So Catherine led Miriam off to see the library, and when they returned Miriam had found five books to borrow, and Catherine handed me one slim volume: The Innocent Anthropologist: Notes from a Mud Hut by Nigel Barley. I flipped it open and found a map of my post and its immediate surroundings as they were at least 30 years ago. I brought it back to post with me.

The book describes an Englishman’s first experience with anthropological field work in, as it happens, the mountains surrounding my post. It’s witty and tries not to leave out the less glamorous aspects of the work. The book was first published in 1983, so, while it makes no reference to the dates of the actual fieldwork, it certainly predates the modern conveniences of cell phones and semi-reliable electricity in my town, but as I read I still found myself relating to a lot of the author’s feelings and experiences, especially when it came to things like Cameroonian bureaucracy, customer service, and reasonable expectations of things working (or not) as promised.

As I read through the short book, I thought that my enjoyment might be mostly due to the confirmation of my own experiences (which I’ll admit is satisfying), but after I finished I also turned to the internet to learn more (namely when the fieldwork actually happened – alas, I could not find a date). The Amazon page for the book, however, also boasts several glowing reviews, including one from a user who speculates that “He may have embellished his story in places, but he probably didn’t need to.” After having lived here for a year, however, everything that happens in the book seems entirely plausible.

I was certainly grateful for the recommendation, so I thought I’d mention that if anyone out there wants to know more about the area I live in, anthropology, or the experience of being a foreigner in Cameroon it’s worth picking up. It’s only 190 pages, which is nothing compared to the George R.R. Martin books I’ve been reading lately, and entertaining the whole way through.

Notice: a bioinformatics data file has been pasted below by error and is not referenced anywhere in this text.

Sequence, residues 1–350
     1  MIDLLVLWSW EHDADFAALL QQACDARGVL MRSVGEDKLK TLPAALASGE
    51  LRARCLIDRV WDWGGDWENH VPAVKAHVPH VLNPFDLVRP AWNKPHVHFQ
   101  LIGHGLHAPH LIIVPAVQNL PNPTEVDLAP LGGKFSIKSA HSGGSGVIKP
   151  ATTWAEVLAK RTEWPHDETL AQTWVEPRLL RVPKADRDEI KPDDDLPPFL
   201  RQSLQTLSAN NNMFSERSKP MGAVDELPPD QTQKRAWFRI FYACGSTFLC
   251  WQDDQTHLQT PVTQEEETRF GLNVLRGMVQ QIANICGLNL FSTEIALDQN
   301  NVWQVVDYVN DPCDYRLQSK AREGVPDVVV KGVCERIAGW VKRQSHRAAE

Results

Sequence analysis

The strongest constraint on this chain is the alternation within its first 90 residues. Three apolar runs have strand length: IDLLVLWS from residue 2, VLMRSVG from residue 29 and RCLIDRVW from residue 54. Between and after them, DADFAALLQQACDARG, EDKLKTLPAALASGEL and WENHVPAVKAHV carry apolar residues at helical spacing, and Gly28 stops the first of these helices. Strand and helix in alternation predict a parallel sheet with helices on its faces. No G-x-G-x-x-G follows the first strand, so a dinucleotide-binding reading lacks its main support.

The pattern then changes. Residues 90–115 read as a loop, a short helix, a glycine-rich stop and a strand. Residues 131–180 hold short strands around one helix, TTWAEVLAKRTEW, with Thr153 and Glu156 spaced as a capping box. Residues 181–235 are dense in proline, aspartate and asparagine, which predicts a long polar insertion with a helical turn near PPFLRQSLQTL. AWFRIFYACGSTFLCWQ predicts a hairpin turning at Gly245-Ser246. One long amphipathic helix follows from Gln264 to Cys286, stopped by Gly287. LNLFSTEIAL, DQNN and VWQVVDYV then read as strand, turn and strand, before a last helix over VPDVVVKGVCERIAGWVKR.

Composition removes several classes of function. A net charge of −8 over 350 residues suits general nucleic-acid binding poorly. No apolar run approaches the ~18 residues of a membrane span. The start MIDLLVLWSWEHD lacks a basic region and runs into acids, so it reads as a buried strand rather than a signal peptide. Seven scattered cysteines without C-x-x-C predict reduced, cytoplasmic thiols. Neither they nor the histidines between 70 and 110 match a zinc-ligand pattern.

Le Fête de Mouton

Crowds around Garoua's Grand Mosque the morning of the Fête

Crowds around Garoua’s Grand Mosque the morning of the Fête

Tabaski, or the Fête de Mouton (Celebration of the Lamb), as it is commonly called around these parts, commemorates that Old Testament story in which God asks Abraham to sacrifice his son. Abraham is totally going to do it, too, and has his knife out and ready to kill the boy when an angel comes down to stop him, God having already been convinced of Abraham’s devotion due to his willingness to go through with the deed. Abraham is then told to sacrifice a lamb, instead, and now Muslims also do this yearly to show their own devotion.

While my post has a large Muslim population, most of my friends and neighbors are Christians, so I decided to go to Garoua for the fête where I would be able to celebrate with the rich Muslims of the Marouaré neighborhood around the Grand Mosque. My friend and fellow Volunteer, Catherine, lives in this neighborhood, so I spent the day with her and tagged along to all of the celebrations she was invited to, enjoying some good Cameroonian Muslim hospitality.